Almost 90 per cent of Gulf CEOs expect an increase in distressed businesses in 2023-2024 and anticipate a period of under-performance leading to increased liabilities and cash constraints.

According to a regional business trends survey conducted by Alvarez & Marsal, businesses across the region are expected to see an increasing need to transform or restructure in a volatile market.

The vast majority or 89 per cent of respondents expect an increase in businesses experiencing distress in 2023-2024 and see a need for specialist intervention in critical areas including liquidity management, cost reduction, capital efficiency and margin optimization.

Alvarez & Marsal survey shows that 75 per cent of respondents expect economic growth to slow or reverse, with the greatest issues expected to face businesses including cost of capital, inflation, market volatility, weakening demand and changes in tax and regulation.

Businesses across the GCC are expected to see an increasing need to transform or restructure in a volatile market. Ongoing macro-economic headwinds mean that respondents expect businesses across many sectors to experience a period of under-performance leading to increased liabilities and cash constraints.

Paul Gilbert, managing director, and co-head of Alvarez & Marsal in the Middle East, said while a number of economies and sectors across the Middle East are bucking the trend, it is clear that respondents consider other sectors to experience further under-performance and liquidity pressures in the face of global economic headwinds. “With rising interest rates and inflation, many struggling businesses are seeking short-term solutions to their debt burden. Unless the underlying operational business issues are also fixed, then too often a ‘restructured’ business will find itself in distress again further down the line.

On the contrary, a Gartner global survey shows that more than half of CEOs believe that an impending economic downturn or recession in 2023 will be shallow and short. The survey showed only a modest rise in cash flow, capital and fundraising concerns.

Despite the impact of these economic headwinds, half of CEOs cited growth as the top strategic business priority for the next two years. Technology also remains a top focus area for CEOs, closely followed by workforce’s issues.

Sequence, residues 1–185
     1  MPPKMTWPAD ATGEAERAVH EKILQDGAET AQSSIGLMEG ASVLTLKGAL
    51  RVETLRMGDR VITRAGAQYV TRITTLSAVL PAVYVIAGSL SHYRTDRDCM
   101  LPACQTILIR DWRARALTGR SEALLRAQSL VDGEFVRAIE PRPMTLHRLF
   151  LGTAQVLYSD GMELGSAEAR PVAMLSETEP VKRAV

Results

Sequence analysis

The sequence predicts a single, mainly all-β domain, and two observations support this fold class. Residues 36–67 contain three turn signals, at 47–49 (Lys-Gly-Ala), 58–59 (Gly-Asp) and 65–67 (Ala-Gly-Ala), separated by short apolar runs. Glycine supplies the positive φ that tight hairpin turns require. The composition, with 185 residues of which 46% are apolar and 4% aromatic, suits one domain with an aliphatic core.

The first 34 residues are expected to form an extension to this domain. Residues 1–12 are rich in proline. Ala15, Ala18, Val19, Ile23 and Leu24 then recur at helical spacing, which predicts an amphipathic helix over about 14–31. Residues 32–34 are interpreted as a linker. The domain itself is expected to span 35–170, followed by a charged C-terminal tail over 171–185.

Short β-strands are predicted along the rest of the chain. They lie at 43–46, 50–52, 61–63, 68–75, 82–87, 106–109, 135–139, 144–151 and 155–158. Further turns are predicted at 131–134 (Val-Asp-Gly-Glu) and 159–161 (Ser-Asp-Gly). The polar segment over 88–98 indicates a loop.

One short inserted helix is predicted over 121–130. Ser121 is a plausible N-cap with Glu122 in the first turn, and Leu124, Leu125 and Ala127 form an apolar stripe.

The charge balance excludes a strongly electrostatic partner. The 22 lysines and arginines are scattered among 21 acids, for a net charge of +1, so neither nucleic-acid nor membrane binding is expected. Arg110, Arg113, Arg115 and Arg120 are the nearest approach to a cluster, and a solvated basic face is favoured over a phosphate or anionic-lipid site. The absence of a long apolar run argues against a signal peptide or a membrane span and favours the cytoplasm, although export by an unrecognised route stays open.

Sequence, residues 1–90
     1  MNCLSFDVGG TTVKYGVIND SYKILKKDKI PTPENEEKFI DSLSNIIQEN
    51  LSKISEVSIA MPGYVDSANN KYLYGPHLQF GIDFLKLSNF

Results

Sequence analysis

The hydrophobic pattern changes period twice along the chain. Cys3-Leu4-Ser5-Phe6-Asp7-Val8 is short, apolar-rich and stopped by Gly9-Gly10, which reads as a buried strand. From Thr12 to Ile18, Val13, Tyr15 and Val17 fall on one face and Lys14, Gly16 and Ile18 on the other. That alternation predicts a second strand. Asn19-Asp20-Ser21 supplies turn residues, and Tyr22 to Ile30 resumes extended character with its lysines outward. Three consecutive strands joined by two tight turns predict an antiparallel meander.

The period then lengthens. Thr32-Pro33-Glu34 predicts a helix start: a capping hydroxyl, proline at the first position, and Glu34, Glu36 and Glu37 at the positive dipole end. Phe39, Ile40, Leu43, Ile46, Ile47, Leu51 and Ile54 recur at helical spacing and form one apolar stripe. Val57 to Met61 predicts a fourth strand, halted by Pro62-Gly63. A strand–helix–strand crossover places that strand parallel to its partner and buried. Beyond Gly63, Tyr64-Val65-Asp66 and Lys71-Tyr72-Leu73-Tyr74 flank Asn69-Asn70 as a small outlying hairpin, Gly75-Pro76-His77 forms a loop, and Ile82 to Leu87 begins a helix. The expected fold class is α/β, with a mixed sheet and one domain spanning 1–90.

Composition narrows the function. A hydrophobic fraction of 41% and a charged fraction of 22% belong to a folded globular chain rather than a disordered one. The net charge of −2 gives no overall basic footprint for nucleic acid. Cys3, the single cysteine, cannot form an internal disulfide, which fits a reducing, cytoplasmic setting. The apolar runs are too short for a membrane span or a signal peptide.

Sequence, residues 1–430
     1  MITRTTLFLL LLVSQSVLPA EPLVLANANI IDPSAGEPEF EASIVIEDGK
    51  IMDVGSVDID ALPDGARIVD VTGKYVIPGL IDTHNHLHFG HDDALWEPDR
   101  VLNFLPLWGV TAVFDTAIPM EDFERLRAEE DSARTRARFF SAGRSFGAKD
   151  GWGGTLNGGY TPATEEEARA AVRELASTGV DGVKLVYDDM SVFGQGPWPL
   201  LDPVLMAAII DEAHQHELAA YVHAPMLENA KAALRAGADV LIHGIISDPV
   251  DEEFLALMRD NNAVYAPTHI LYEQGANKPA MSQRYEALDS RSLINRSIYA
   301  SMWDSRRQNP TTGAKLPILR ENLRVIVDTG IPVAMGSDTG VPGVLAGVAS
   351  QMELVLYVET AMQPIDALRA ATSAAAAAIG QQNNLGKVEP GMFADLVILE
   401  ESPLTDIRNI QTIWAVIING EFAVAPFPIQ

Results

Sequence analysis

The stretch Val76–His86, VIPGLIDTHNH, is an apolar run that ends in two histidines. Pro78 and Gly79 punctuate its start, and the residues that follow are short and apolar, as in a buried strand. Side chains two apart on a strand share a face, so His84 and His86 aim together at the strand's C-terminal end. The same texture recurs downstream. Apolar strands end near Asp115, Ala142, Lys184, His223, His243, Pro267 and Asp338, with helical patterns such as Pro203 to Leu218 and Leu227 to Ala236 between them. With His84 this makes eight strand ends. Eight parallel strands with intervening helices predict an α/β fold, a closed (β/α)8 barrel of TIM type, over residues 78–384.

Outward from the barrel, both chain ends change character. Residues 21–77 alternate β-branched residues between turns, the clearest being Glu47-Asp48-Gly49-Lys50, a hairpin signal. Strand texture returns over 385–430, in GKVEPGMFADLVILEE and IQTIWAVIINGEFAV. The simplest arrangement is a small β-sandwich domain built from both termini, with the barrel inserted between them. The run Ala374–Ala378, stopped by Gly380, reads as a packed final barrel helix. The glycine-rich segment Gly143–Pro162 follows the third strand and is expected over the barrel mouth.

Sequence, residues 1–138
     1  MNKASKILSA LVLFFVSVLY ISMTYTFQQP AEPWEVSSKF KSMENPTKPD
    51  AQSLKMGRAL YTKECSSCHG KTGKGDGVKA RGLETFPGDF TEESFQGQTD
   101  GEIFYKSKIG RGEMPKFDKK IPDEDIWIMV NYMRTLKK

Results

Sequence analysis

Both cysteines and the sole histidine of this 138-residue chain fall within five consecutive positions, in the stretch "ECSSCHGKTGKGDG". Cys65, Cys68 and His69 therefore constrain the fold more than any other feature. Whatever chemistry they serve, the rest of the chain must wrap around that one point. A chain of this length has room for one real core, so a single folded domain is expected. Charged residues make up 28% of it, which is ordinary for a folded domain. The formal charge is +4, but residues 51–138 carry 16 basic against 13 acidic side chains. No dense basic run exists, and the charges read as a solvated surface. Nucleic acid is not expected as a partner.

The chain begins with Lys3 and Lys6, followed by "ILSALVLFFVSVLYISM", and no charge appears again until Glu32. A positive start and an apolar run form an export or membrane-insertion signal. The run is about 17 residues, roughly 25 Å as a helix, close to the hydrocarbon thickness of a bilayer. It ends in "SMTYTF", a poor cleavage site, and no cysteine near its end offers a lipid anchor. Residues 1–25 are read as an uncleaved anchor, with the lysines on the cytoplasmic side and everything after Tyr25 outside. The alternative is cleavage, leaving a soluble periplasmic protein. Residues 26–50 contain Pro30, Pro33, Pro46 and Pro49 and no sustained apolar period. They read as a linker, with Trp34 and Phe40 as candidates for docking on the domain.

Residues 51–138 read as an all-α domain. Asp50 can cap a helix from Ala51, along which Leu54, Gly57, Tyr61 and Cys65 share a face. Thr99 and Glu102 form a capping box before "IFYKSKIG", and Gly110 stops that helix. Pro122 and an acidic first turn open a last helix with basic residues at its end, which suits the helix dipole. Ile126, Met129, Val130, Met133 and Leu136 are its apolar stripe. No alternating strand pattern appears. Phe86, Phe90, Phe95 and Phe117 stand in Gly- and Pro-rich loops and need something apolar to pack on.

The Gartner survey revealed that artificial intelligence (AI) was the top technology that CEOs believe will significantly impact their industry over the next three years.

“Generative AI will profoundly impact business and operating models,” said Mark Raskino, VP analyst at Gartner. “However, fear of missing out is a powerful driver of technology markets. AI is reaching the tipping point where CEOs who are not yet invested become concerned that they are missing something competitively important.”

“After three years of volatility, CEO priorities are stabilizing,” said Raskino. “Executive leaders are looking past the aftershocks of the omnic crisis period to a time when talent, sustainability and next-level digital change will be the levers of competitive performance.”

The 2023 Gartner CEO and Senior Business Executive Survey, which was conducted among over 400 CEOs and other senior business executives in the Middle East, North America, Europe, Asia/Pacific, Latin America, and South Africa across different industries, showed that sustainability ranked among CEOs’ top 10 priorities. Gartner predicts that by 2026, environmental sustainability will be a higher CEO strategic business priority than the technology-related category.

Inflation was ranked as the most damaging business risk by 22 per cent of CEOs, and nearly a quarter cited greater price sensitivity as the biggest shift in customer expectations they anticipate this year. However, increasing prices is still the top action that CEOs are taking in response to inflation per cent) and productivity, efficiency and automation (21 per cent).

When asked about the impact of various risks on the business, 26 per cent of CEOs in the Gartner survey cited the talent shortage as the most damaging risk for their organization. Attracting and retaining talent is, by far, CEOs’ top workforce priority.

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